the feudal world of a tottering country, it made sense to keep in with your ruling Lord’s master. However, Sir John Swinton, riding through London wearing the livery collar of Bolingbroke’s father, John of Gaunt, was lynched for his pains. So if your ruling Lord didn’t approve of the ‘usurpation’, as they saw it, then the White Hart sign could stay fixed firmly outside the local pubs, and thus still in the people’s minds. A lot of the Red Lion pubs that are named today come from the few consolidating years just after the slobbering King James I succeeded Queen Elizabeth I in 1603. In an act of supreme insecurity, James decreed that almost every building and certainly every pub should be imprinted with his own insignia, the Red Lion, just to remind all those peasants who couldn’t read who was boss. History had come full circle. ‘The Crown’ is still the most common pub name in the country according to a survey carried out by the ‘Campaign for Real Ale’ in 2007. The Red Lion is second. The White Hart is fifth. (The Swan, the emblem of Stratford-upon-Avon and royal property is fourth, and The Royal Oak, the signature of England and royal insecurity, is third). It is easy to underestimate the schism that tore apart England when Henry Bolingbroke usurped the throne from his cousin Richard II and left him for dead in prison – an act of fratricide that ripped through the nation like the red hot poker that mythically dispatched their greatgrandfather. All were faced with the question of whether to follow the King with a divine right, or the man most equipped to rule the country best. The Reformation is perhaps easier to understand. The tensions and terrors that led to Catholic fathers pitted against newly Protestant sons, one Lord’s estate barricaded against another’s and families hating families are sadly all too real for us. By the time Shakespeare was twenty-three, the Protestant monarch Elizabeth had been forced to kill her own Catholic cousin Mary Stuart, Queen of Scots, for her own political survival. In the early 1590s Shakespeare wrote, in the final speech by the newly victorious Henry VII, in his play Richard III: England hath long been mad, and scarr’d herself; The brother blindly shed the brother’s blood, The father rashly slaughter’d his own son, The son, compell’d, been butcher to the sire: All this divided York and Lancaster, Divided in their dire division… (Richard III Act 5 Sc. 5) 3

To the audience that heard these words it must have seemed a pyrrhic victory by Elizabeth’s grandfather. History had indeed repeated itself – revolved with death at its centre like a barrel of blood – and ‘this fair land’s peace’ that Henry VII talked of in the play was nothing but an illusion. The bloodletting was no longer on the battlefield but in the doctrinal arguments of Henry VIII and Sir Thomas More, Protestant King Edward VI and his Catholic sister, Queen Mary I. For the feudal commoners of England, losing your life for your Lord had been replaced by losing your life for the Lord. From the flames and passions of this Tudor time our world today has been forged. The English are still fascinated with Elizabeth I and talk as if the Virgin Queen, the white face with the red hair, gave birth to us all. She is Eve in this other Eden. She is a white goddess in a sea of blood. Britannia. For two and a half years from 2006 to 2008 I was an actor in The Histories at the Royal Shakespeare Company – performing all Shakespeare’s History Plays from Richard II, Henry IV Part 1 and 2, Henry V, Henry VI Parts 1, 2 and 3, ending with Richard III. It was a massive success and won the RSC multiple awards across the theatrical spectrum. It will remain long in the hearts not just of the people that saw it but for anybody who worked on such a life-changing project. As we performed them every night, I began to find resonances that seemed to chime with my own experience. Scenes took place in locations that I knew and seemed to mean so much, but famous events roared by with the hazy familiarity of a schoolboy’s knowledge. Talking to the cast, crew and the audience I could sense the same. On some level these Histories touched us all. So I want to go on a journey to find out why they seemed to touch something within us, actors and audience alike, when we played them. What was it? What is the England that now watches these plays? And does the life of the White Hart and the Red Lion still run through this old place like the colours in a stick of rock? I want to see where Richard II died. I want to feel the thrill of Eastcheap where Falstaff and Prince Hal worked their magic. I want to walk the route of the anointed Kings as they lie where they were crowned in Westminster Abbey, and I want to explore the battlefields of England where the bandages of a wounded nation lie beneath the soil. In the Yorkshire village of Towton, for example, the locals play golf over the killing fields of the largest single loss of blood on English soil. 4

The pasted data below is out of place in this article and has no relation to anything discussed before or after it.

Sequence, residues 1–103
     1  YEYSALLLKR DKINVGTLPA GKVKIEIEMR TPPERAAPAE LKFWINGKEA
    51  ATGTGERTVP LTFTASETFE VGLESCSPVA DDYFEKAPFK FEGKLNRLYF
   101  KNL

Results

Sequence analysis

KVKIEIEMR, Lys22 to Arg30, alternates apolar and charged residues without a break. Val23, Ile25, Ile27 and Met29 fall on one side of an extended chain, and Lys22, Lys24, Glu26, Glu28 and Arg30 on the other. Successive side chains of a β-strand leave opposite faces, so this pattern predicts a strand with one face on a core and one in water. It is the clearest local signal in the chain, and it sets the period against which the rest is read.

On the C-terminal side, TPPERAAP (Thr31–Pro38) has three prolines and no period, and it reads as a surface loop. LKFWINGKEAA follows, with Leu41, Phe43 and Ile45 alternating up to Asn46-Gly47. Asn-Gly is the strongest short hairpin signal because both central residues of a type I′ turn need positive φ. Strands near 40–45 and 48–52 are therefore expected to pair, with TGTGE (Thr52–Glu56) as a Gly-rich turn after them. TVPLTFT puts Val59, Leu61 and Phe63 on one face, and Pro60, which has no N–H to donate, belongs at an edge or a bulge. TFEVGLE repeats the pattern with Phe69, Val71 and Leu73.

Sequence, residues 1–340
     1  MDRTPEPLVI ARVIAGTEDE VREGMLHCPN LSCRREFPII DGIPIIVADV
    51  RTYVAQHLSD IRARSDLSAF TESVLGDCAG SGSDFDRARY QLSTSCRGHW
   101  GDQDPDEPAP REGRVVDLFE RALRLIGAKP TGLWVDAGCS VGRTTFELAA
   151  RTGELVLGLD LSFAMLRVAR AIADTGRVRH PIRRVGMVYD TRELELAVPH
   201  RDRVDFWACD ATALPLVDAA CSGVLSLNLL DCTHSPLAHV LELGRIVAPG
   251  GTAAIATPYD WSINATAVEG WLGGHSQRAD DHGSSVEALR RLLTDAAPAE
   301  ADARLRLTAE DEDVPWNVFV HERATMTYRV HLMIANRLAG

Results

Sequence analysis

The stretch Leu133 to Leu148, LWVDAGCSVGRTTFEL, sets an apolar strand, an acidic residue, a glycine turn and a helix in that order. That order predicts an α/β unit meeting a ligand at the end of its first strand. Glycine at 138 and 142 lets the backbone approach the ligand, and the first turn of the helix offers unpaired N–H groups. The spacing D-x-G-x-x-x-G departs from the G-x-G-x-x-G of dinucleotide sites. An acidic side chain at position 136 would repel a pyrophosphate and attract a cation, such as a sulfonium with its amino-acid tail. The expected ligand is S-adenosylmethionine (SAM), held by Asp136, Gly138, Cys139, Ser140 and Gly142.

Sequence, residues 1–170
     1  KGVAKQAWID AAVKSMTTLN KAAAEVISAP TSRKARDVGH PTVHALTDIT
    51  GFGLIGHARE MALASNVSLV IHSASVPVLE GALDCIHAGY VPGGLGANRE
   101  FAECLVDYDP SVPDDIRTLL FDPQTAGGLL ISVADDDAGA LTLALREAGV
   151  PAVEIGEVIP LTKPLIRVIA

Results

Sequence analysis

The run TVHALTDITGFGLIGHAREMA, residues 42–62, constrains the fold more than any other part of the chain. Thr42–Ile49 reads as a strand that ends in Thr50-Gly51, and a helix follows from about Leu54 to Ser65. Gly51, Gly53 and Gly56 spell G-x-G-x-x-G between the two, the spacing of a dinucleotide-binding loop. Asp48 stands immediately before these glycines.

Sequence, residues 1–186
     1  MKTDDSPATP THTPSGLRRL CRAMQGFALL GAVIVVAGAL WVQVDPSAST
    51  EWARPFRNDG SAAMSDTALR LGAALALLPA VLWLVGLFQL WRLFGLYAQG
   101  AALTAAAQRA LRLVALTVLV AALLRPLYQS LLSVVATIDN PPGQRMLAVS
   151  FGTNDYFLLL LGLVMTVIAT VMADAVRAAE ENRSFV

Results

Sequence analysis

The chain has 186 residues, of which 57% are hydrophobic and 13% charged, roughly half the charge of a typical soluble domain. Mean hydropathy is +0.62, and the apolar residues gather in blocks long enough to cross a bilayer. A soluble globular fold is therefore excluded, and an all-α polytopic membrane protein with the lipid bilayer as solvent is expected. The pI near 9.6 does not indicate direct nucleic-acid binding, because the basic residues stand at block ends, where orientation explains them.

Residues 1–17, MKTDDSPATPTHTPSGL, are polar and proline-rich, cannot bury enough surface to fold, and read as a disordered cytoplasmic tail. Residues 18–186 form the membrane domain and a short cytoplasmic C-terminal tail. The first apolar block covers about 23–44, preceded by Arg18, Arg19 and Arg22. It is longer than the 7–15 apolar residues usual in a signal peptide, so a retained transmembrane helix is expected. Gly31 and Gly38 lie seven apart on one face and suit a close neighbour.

Little do they know that with their nine-irons and their niblicks they are chipping away at the skulls of their ancestors. I’m going to take with me some of the actors who played the parts relevant to the story to see what the man who played Bolingbroke thinks of Shrewsbury, what Falstaff thinks of Eastcheap and what Henry V makes of Agincourt. John Shakespeare, William’s father, was an Ale Taster before he was a glover and luminary of Stratford-uponAvon, so in his footsteps I and my travelling players will be exploring the hostelries and byways of an England forged on the battlefields, triumphs and betrayals of The Histories: on the one hand, Red – be it a pub or bloody Rose. On the other hand, White – be it the alabaster tombs of broken Princes or the quill of a playwright from Stratfordupon-Avon.



White Hart Red, Lion - look inside  
White Hart Red, Lion - look inside  

Preview of 'White Hart, Red Lion' by Nick Asbury